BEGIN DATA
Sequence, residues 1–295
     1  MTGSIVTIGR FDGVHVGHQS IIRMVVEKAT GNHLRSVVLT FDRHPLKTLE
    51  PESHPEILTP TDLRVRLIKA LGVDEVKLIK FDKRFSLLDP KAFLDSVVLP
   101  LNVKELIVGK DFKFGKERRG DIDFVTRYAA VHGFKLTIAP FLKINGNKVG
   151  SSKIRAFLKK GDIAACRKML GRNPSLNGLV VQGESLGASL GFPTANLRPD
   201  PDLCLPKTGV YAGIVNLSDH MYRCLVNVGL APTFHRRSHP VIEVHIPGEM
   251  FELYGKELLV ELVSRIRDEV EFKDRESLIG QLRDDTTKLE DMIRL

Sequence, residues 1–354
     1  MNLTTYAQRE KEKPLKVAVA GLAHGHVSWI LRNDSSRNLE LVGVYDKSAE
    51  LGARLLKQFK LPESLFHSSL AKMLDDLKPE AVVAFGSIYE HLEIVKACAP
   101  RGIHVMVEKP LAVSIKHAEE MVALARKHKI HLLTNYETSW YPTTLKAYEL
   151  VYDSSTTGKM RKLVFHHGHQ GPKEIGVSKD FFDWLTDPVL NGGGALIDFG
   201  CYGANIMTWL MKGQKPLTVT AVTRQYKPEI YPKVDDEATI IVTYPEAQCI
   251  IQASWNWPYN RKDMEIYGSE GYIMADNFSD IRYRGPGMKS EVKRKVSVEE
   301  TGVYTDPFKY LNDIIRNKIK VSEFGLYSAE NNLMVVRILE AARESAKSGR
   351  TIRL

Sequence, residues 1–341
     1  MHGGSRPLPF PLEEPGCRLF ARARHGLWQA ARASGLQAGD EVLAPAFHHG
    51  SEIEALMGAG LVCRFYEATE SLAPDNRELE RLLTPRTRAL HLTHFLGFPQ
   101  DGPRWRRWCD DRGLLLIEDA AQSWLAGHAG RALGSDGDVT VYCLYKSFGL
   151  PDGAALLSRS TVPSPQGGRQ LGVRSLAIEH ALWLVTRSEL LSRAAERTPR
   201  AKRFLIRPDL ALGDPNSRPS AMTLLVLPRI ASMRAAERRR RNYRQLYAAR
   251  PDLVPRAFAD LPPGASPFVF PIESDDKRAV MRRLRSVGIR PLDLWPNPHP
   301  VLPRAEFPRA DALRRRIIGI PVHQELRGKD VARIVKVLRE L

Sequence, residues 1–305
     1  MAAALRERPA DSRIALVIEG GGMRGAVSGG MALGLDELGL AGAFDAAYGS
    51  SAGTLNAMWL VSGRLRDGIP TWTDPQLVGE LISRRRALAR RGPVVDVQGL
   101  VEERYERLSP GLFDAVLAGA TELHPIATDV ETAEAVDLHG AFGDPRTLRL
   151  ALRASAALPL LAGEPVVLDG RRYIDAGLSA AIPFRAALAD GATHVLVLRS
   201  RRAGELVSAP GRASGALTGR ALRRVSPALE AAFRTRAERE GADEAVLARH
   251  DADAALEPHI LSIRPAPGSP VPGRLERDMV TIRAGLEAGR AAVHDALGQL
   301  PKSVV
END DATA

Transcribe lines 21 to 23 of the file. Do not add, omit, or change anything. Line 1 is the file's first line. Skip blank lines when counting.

   151  PDGAALLSRS TVPSPQGGRQ LGVRSLAIEH ALWLVTRSEL LSRAAERTPR
   201  AKRFLIRPDL ALGDPNSRPS AMTLLVLPRI ASMRAAERRR RNYRQLYAAR
   251  PDLVPRAFAD LPPGASPFVF PIESDDKRAV MRRLRSVGIR PLDLWPNPHP